Labels develop new strategies for new stars

IN THE NINE months between the U.S. release of Adele’s “19” and the announcement that she had received four Grammy nominations, Columbia Records released only one single by the Brit singer, “Chasing Pavements.” That’s a counterintuitive strategy for a performer with a full career ahead of her rather than one probably limited to one single. But as the way music is consumed changes, so, too, do the strategies to develop stars.

That way of thinking started to change with Gnarls Barkley’s “Crazy” two years ago, when Downtown Records stuck with the single as it crossed over from one format to another until it seemed to be on every station except the country spots on the dial. A second single did not fare as well, nor did anything on the second album from Gnarls Barkley, but the duo behind Gnarls Barkley, Cee-lo Green and Danger Mouse, are certainly seen as career artists. Adele is also perceived that way, most importantly in the halls of Sony Music.

Aligning a singer with a single song, though, still feels like a risky move. The fact that “Chasing Pavements” has not taken the U.S. by storm may be an advantage for Adele: There’s not an audience expecting a follow-up containing the same broad sweeping elements, big vocals and smartly orchestrated strings. Like Gnarls Barkley, she made a varied album, and when a second single is selected, it will most definitely not be a sonic sequel.

Adele, whose “19” has sold 334,000 copies domestically, is developing slowly by modern standards, which may actually be working in her favor. The process of gradual discovery has tradition on its side, and the evidence suggests Adele is in a class with M.I.A. and Secondhand Serenade — acts whose commercial success in 2008 was mostly limited to one single but who have the potential for lengthy careers. And if she comes away with a Grammy win for new artist, record, song or female pop vocal, she will have a leg up on the post-Amy Winehouse singers with whom she has been grouped.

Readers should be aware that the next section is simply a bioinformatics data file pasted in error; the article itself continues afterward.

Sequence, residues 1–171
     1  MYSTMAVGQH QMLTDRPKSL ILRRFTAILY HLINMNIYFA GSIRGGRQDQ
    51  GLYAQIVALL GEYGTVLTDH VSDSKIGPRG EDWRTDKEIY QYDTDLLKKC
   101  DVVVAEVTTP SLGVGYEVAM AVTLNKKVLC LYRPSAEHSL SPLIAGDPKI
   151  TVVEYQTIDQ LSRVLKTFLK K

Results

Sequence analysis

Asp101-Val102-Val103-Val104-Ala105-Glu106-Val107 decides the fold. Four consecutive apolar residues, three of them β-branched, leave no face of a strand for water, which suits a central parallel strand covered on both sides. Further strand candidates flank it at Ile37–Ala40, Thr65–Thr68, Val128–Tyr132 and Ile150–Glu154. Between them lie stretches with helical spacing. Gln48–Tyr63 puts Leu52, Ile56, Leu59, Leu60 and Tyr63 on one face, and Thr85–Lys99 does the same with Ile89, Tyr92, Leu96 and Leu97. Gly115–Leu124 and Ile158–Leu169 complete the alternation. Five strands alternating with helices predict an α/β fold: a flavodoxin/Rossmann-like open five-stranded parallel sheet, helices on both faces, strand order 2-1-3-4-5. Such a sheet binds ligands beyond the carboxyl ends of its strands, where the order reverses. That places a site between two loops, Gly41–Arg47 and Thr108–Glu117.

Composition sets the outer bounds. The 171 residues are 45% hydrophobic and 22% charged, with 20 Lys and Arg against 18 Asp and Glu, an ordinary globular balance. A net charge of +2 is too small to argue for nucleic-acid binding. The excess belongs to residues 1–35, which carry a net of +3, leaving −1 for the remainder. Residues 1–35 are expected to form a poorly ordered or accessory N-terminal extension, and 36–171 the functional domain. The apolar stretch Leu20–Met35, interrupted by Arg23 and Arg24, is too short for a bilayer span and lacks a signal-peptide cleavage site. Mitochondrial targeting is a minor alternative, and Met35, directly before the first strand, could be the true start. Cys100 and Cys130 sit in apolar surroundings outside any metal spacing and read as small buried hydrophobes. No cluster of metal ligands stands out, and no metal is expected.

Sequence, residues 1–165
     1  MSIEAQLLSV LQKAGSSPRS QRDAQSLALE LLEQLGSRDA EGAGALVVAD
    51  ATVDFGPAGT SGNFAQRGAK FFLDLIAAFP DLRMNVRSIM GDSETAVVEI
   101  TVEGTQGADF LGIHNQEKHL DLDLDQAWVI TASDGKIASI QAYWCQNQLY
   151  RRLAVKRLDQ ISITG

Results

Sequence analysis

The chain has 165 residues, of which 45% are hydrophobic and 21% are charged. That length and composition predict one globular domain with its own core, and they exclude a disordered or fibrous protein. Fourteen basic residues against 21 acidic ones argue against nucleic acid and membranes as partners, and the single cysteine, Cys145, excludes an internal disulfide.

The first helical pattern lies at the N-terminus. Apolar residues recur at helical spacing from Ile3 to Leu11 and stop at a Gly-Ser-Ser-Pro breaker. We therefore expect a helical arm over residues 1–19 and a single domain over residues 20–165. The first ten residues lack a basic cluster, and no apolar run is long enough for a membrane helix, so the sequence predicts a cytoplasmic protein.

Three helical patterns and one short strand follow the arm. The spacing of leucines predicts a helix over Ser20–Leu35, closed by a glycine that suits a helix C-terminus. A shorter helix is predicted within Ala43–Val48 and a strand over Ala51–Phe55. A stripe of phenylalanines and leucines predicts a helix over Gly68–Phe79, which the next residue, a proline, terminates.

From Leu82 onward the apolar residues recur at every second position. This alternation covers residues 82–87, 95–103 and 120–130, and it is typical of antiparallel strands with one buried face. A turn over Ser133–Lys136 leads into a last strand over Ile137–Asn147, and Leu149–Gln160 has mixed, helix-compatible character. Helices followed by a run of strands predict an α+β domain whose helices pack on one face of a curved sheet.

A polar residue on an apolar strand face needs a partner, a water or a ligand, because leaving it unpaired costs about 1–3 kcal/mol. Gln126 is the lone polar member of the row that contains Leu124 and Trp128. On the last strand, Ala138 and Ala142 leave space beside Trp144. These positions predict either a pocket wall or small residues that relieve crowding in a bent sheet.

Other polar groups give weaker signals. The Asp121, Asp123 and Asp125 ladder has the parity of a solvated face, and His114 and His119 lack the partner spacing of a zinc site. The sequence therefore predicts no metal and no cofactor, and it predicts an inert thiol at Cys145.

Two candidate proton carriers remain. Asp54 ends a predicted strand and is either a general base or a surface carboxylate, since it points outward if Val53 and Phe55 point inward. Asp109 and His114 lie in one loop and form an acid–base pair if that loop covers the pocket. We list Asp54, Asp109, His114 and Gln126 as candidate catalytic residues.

“Inevitably,” Adele Adkins says of Duffy, Kate Nash and others, “all younger British singers will be seen as another U.K. girl unless they’re doing hardcore or metal. It’s such rubbish.”

A BIT OF KISMET blessed Adele’s stop in Los Angeles in the middle of December for a string of promotional appearances. What had been planned as a trip for performances on “Ellen” and “Jimmy Kimmel Live” and opening a benefit concert headlined by John Mayer turned into a whirlwind collection of interviews with national media, extra TV appearances and meetings. Her profile had been catapulted by the Grammy noms, which may well owe to her appearance on “Saturday Night Live” the night Gov. Sarah Palin appeared; Adele’s perf refreshed countless memories of her album.

Adele was most interested in discussing how 2009 was taking shape: She is booked for 21 U.S. dates in January and March and is eyeing Europe in the summer. She plans to record her second album in California rather than London and is hoping work will begin in the fall even though she does not have much material ready. (Renewed interest in “19” has some Sony Music execs believing album two is a 2010 release.)

Set in stone, however, is the sound she intends to emulate: two productions by T Bone Burnett — Robert Plant and Alison Krauss’ “Raising Sand” and the “O Brother, Where Art Thou?” soundtrack. “An organic sound,” she says, noting she is keen on duets and perhaps an INXS cover. Her first album, which is rich in a variety of textures and styles, required three producers; she’s hoping to stick with one on her next disc.

“I want the production to be old school,” she said, and it seems easy to infer that she wants to incorporate elements of the artists she listens to regularly, chiefly Alicia Keys, Joan Armatrading and Etta James.

Before that second album is realized, there’s still that matter of a second single. Three other tracks have been released in the U.K. and a few other European countries, but none have had the impact of “Chasing Pavements,” which has made the top 10 in eight countries and sold 317,000 downloads in the U.S.

“Cold Shoulder,” which has been released in four countries, is high on her list of potential singles; “Right as Rain,” which has not been released beyond the album, is the most likely candidate to hit airwaves nearly a year after the release of “19.” Either choice reinforces the notion that Adele was one of 2008’s strongest rookies, one who deserves watching throughout 2009.

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